For almost two years, UUCWC has had an intentional focus on racial justice work. This work has already had a profound impact on many in our congregation. At this time, we are ready to take this initiative to the next level, with a congregational vote to display a banner that will serve as a public expression of our faith’s values, including racial justice. The Board of Trustees has enthusiastically and unanimously approved this plan.
As background, our Racial Justice Initiative grew from the UUA General Assembly 2015 call to action to support Black Lives Matter and link it to UU Principles. The call invited congregations to cultivate intentional learning spaces around racial justice. Members of UUCWC took on this work with great passion. In summer 2015 the Racial Justice Project kicked off, and during the 2015-16 calendar year we held small group circles, book discussion groups, and films exploring white privilege, in addition to participating in numerous social justice activities. During the summer of 2016, the Racial Justice Project changed its name to the Racial Justice Initiative (RJI) to emphasize UUCWC’s commitment to ongoing efforts to promote social justice. Many of the participants in the various opportunities for education and discussion that have taken place tell us it has transformed their understanding of these challenging issues.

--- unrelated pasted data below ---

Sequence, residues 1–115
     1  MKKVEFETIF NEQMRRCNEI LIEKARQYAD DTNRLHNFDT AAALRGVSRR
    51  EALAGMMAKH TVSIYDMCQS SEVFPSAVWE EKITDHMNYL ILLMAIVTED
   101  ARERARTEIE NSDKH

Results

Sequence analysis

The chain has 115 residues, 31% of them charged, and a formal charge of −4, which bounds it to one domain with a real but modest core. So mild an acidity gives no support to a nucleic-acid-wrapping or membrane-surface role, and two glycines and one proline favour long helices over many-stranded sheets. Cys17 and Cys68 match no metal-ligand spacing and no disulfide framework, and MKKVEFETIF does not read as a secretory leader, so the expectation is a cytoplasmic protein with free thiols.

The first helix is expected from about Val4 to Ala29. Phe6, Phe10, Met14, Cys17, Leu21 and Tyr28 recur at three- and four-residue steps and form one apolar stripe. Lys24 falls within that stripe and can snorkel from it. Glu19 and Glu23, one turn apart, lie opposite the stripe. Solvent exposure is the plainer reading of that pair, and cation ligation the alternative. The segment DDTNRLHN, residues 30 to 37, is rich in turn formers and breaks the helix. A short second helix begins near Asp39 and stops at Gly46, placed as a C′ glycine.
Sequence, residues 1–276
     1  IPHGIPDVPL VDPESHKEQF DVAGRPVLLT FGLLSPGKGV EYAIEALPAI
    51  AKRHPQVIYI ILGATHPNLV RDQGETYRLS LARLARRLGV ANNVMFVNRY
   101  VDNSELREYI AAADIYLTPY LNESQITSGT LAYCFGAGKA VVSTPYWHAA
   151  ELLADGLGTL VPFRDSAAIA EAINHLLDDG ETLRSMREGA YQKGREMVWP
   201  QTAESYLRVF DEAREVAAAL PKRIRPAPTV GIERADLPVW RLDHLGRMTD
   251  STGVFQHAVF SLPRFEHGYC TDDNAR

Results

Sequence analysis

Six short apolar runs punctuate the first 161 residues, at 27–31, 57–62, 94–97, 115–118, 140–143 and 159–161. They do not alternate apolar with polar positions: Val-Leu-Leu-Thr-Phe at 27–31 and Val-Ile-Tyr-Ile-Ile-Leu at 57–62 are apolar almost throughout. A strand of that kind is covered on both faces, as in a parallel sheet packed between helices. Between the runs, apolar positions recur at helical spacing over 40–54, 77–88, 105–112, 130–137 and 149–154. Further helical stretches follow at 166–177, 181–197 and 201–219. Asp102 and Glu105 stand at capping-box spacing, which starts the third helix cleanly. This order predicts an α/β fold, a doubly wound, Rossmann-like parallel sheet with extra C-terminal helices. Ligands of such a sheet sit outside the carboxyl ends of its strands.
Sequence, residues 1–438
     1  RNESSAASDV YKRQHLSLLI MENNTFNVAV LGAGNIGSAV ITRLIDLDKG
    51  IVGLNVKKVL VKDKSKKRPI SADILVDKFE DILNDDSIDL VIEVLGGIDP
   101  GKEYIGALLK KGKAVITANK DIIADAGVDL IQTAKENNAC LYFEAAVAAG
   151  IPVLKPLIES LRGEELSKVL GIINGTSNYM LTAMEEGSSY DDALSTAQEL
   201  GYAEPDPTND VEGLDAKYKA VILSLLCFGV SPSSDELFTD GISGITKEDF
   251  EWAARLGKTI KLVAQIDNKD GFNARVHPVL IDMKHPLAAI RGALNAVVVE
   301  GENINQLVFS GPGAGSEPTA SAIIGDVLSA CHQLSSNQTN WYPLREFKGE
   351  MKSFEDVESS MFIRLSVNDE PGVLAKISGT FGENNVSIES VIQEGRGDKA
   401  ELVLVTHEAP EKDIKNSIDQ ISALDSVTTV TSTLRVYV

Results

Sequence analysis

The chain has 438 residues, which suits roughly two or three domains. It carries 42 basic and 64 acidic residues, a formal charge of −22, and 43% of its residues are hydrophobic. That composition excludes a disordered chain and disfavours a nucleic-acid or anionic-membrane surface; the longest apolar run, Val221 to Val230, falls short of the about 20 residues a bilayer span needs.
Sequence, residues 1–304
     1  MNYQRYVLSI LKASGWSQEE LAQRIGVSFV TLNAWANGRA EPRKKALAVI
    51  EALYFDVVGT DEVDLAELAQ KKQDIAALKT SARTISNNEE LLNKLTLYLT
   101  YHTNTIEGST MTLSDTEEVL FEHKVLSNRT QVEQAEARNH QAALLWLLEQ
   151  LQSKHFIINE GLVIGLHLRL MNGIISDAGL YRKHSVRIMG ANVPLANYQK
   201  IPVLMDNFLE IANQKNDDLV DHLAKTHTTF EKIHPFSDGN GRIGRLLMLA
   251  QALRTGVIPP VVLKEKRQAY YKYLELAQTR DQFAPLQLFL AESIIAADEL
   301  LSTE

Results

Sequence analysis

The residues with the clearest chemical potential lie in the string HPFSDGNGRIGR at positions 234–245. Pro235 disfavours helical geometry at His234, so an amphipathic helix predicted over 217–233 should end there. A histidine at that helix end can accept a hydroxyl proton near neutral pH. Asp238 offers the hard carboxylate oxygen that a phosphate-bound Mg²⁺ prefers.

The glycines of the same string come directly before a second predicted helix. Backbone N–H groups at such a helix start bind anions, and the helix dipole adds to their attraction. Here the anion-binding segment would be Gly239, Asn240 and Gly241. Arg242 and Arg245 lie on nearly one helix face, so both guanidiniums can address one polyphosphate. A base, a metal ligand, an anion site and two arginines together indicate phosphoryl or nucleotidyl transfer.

Last fall, the RJI hosted FAQs and listening circles focused on Black Lives Matter in preparation for possibly hanging a Black Lives Matter banner at UUCWC. In November 2016 almost 60 congregants began participation in Beloved Conversations to further explore white privilege and ways for predominantly white congregations to become allies.
And, this past winter 2017 a survey was sent to the congregation to gauge support for Black Lives Matter as a social justice movement and whether the church should hang a banner. Half the congregation participated in the survey, and about 70-80 percent of respondents expressed support for the banner, although there was a sense from comments that endorsing other values from our candles of fellowship would also be important.
Based on the results of the survey, feedback from the listening circles, as well as the current political climate in which numerous nondominant groups are being targeted, the RJI has proposed that we hang a more far-reaching banner (a variation of the one which has been developed by the UUA) which expresses our faith’s values. The congregation will vote on the public display of the banner at the April 2 congregational meeting.
Many thanks to Sallie Dunner, Nathalie Edmond and Dan Tuft, who have put enormous passion, time and energy into leading this work.
The Council for Faith in Action will hold an information session on Sunday, March 26th, at 12:30pm, in the Sanctuary. In the meantime, Sallie Dunner, Nathalie Edmond or Dan Tuft will be glad to answer any questions you might have.
by Pam Shadzik